A city immersed in endless rain. The eternal night, interrupted by the colourful play of glistening neon lights, while cars are flying through the canyons of a futuristic skyline.
What is it, that makes this typical Cyberpunk premise so intriguing, that it still draws unbroken attention?
In a dystopian futuristic setting Cyberpunk portrays disconnected humans, living with futuristic technological and scientific achievements, such as artificial intelligence and cybernetics, juxtaposed with societal collapse or decay.
Cyberpunk is rooted in the New Wave science fiction movement of the 1960s and 1970s, when writers like Philip K. Dick, Michael Moorcock, Roger Zelazny, John Brunner and others examined the impact of drug culture, technology, and the sexual revolution.
Comics exploring cyberpunk themes began appearing in 1977. Released in 1984, William Gibson’s influential debut novel Neuromancer helped solidify cyberpunk as a genre, drawing influence from punk subculture and early hacker culture.
Genre defining films include Ridley Scott’s Masterpiece Blade Runner (1982), The Matrix trilogy (1999–2003) and the original Ghost in the Shell anime (1995) by Mamoru Oshii were some of the most successful cyberpunk films.
Newer cyberpunk media includes Blade Runner 2049 (2017) by Denis Villeneuve and Alita: Battle Angel (2019).
The award winning and best selling game Cyberpunk 2077 is an action role-playing video game. Within twelve hours after its release, the game had over one million concurrent players on Steam.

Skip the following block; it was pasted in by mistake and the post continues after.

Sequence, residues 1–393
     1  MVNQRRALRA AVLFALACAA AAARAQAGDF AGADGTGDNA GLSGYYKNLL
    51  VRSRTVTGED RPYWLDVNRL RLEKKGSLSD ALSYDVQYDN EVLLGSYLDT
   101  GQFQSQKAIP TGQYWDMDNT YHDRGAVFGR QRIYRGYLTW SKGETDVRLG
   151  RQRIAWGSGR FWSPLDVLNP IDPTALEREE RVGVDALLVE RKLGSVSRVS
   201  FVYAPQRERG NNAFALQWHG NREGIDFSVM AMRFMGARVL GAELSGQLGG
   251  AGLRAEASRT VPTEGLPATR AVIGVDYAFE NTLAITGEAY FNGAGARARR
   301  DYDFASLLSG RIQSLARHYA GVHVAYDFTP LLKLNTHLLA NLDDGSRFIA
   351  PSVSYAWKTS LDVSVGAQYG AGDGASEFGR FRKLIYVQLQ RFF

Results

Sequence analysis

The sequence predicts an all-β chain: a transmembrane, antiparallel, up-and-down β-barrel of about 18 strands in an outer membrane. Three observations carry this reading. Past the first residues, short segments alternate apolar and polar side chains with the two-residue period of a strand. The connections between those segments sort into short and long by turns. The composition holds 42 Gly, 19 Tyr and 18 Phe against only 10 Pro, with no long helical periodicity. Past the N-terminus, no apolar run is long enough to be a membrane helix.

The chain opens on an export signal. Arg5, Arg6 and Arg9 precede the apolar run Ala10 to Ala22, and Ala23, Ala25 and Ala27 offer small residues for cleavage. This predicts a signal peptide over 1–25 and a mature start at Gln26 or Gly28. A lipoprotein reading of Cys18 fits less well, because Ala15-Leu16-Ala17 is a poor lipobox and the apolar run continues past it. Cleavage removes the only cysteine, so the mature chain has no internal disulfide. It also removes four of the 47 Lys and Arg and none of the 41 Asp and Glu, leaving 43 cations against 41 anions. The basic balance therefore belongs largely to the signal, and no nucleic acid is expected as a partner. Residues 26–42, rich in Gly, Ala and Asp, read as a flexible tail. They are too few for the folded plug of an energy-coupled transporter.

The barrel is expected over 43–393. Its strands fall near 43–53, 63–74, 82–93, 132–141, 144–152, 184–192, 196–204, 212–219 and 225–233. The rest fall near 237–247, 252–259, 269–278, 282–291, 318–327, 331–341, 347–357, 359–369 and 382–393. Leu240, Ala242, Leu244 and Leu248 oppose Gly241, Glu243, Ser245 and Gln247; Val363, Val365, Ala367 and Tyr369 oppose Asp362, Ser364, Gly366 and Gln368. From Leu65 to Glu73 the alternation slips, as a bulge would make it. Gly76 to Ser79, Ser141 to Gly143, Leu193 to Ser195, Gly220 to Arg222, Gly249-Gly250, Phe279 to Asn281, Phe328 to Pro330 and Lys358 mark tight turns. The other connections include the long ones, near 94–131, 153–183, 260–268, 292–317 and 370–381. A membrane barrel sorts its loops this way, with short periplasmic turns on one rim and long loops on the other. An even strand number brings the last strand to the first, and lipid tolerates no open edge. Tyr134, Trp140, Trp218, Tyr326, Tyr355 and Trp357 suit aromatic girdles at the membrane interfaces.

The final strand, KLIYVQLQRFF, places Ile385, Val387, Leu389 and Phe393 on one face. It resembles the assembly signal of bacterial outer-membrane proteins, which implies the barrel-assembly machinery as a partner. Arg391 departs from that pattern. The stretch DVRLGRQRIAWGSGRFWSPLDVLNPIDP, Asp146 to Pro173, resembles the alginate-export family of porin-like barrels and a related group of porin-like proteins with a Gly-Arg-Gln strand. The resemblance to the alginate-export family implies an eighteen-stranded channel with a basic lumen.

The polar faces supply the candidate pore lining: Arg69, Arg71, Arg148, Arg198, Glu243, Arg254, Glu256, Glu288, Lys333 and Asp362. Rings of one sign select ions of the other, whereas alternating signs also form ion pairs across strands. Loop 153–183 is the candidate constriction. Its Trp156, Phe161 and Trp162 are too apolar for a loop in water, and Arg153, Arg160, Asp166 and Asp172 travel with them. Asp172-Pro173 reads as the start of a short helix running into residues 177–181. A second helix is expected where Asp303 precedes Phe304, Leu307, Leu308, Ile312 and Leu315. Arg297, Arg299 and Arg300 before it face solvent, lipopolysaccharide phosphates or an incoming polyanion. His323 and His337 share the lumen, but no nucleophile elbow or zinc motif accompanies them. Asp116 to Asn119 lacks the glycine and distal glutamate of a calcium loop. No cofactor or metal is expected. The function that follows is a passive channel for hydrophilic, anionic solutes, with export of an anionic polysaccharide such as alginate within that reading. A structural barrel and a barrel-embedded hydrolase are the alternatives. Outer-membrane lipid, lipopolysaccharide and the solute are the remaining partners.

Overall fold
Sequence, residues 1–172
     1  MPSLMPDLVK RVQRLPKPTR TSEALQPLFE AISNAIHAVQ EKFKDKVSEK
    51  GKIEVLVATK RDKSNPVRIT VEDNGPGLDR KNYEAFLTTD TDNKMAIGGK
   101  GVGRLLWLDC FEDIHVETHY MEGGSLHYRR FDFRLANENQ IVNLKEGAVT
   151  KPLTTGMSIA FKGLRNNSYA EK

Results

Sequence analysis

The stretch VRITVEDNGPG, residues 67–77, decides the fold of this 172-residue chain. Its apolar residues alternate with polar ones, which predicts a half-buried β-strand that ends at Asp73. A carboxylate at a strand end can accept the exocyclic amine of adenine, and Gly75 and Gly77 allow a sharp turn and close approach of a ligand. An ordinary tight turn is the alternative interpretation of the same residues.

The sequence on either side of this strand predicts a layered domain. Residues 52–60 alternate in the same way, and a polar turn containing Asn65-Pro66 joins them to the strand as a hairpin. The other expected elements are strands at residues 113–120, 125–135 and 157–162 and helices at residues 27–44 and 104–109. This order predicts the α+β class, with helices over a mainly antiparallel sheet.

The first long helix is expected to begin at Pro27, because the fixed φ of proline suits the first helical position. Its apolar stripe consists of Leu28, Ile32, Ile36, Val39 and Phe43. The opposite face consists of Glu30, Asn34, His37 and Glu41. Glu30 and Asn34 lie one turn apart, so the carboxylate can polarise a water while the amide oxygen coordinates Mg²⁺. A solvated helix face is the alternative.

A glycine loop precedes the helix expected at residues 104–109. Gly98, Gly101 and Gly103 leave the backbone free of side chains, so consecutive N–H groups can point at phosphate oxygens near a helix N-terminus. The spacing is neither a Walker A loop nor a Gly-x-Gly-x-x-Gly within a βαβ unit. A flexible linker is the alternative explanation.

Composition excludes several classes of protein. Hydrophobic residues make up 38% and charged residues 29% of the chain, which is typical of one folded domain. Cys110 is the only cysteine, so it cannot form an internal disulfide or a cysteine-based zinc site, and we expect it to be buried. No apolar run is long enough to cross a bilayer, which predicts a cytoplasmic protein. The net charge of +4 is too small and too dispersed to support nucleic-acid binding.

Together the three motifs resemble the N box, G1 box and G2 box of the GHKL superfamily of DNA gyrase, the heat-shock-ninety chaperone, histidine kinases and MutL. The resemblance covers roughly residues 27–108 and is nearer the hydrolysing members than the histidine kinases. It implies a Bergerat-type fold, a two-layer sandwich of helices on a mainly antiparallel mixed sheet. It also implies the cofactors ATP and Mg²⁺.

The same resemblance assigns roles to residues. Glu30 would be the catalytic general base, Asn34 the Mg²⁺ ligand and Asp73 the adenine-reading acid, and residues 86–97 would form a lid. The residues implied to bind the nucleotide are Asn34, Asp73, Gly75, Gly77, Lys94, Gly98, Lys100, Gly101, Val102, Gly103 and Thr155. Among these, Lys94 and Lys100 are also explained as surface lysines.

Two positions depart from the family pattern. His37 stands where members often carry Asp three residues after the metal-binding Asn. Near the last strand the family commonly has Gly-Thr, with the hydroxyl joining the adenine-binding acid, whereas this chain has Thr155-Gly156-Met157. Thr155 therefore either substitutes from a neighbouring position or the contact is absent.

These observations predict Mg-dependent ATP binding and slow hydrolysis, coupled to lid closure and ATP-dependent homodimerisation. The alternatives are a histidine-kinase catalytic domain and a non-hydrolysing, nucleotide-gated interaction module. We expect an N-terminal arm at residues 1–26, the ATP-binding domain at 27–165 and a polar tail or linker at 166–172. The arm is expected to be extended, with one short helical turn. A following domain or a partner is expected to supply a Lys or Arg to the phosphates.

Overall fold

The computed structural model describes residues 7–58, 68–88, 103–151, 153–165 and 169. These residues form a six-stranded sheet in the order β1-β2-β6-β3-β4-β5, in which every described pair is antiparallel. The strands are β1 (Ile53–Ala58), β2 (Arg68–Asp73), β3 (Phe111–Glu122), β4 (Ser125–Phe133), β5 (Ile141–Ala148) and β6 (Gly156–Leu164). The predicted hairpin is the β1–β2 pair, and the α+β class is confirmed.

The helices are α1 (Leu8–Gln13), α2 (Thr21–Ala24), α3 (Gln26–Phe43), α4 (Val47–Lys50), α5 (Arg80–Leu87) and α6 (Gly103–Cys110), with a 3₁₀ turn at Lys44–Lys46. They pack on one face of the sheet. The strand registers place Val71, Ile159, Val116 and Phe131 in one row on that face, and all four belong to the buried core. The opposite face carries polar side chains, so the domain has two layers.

The story takes place in Night City, an open world set in the Cyberpunk universe.
Cyberpunk plots often center on conflict among artificial intelligences, hackers, and megacorporations, and tend to be set in a near-future Earth.
Much of the genre’s atmosphere echoes film noir, and written works in the genre often use techniques from hardboiled detective fiction.
Crime writers like Dashiell Hammett and Raymond Chandler invented the anti hero as a new type of protagonist: a lonely and cynical but compassionate hero in a world where disloyalty is ubiquitous.
The genre’s vision of a troubled future often features a nihilistic underground side of an electronic society.
Settings are dystopias with corruption and artificial reality, where giant corporations have replaced governments as centers of political, economic, and even military power.
Cyberpunk is often set in urbanized, artificial landscapes with an abundance of brightly glowing neon lights and giant video billboards reflecting the major influence of Japan on the genre.
Many cyberpunk protagonists are manipulated, placed in situations where they have little or no choice.
They were marginalized, alienated loners who lived on the edge of society.